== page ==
Spring Seasonal Eating — What Can We Hope to Find?

Reader Contribution by Tabitha Alterman
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Most of the foods below are likely to be in season
during April or May in many parts of the United States. You should be able to
find the best deals on these foods this time of year in grocery stores and at
farmers’ markets, which means it’s a good time to stock up on items that
preserve well. For example, you may want to dry herbs and freeze berries for
later use. (To learn more about when and how to preserve different foods, see Enjoy Fresh, Local Food All Year. To see which foods are in season in your area, click
on your state at this Peak Season Map. Or check for local resources, such as your state extension agency.)

Herbs: chervil,
chives, dill, horseradish root, mint, parsley, tarragon

Salad greens: arugula (rocket), baby lettuces, endive, mâche (corn salad),
mizuna, pac choi, sorrel, spinach, watercress

Cooking greens: beet greens, chard, collards, kale, radish greens, spinach,
turnip greens

Root veggies: beets, parsnips, radishes, salad turnips

Garden veggies: asparagus, garden peas, potatoes, scallions, spring onions, sugar
snap peas

Sea veggies: dulse,
various kelps (e.g. kombu, wakame), nori (laver), wrack

Fruits: apricots,
blackberries, blueberries, boysenberries, cherries, nectarines, peaches, plums,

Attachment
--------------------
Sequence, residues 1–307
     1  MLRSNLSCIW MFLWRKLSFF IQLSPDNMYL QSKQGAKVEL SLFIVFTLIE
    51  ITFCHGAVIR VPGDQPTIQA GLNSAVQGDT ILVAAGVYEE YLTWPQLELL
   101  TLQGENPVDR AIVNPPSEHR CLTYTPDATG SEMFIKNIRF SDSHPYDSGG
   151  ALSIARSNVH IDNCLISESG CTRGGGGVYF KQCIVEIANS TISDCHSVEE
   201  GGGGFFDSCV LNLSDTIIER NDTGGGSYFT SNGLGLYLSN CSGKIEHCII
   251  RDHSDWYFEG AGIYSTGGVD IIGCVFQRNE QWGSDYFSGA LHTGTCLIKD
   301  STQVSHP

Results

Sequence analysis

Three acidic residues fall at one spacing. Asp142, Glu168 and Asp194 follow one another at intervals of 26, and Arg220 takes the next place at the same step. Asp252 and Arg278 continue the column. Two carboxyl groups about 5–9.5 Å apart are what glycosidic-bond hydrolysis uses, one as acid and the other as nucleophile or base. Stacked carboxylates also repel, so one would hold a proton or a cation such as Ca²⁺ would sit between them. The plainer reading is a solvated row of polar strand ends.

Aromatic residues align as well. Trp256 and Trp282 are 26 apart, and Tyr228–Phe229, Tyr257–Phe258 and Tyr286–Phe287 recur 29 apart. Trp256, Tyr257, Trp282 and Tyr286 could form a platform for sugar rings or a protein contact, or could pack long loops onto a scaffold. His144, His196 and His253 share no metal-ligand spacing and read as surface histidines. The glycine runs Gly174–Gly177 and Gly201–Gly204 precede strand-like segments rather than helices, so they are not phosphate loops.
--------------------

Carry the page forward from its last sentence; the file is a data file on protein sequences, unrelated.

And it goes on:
raspberries, rhubarb (not technically a fruit), strawberries

Ephemeral garden treats: garlic scapes, pea shoots

Wild edibles: cactus pears, cattails, claytonia (miner’s lettuce), dandelion
greens, fiddlehead ferns, lamb’s quarters, morel mushrooms, nettles, pokeweed,
purslane, ramps (wild leeks)

Meat: Most
pasture-raised meat and wild game are best in the fall and winter, but spring
is a great time to stock up on frozen and aged meats. In some areas, there is
also a spring turkey hunting season.

Fish: Spring
is the season for most freshwater fish, including bass, carp, cat fish,
crappie, pike, salmon, sunfish, trout and walleye. Saltwater seasons vary.

Dairy: Fresh
milk and young cheeses made with milk from animals that graze on green pasture
are highly nutritious in late spring.

Eggs: Fresh
farm eggs are rich with omega-3 fatty acids and other grass-derived nutrients
in spring.

Nuts and seeds: Because most kinds of nuts are not harvested in
the spring, you will want to choose roasted nuts for the best flavor. (Note:
Nuts freeze well, so be sure to stock up like a squirrel when they are in

Photos by Tim Nauman (left) and Fotolia (right)

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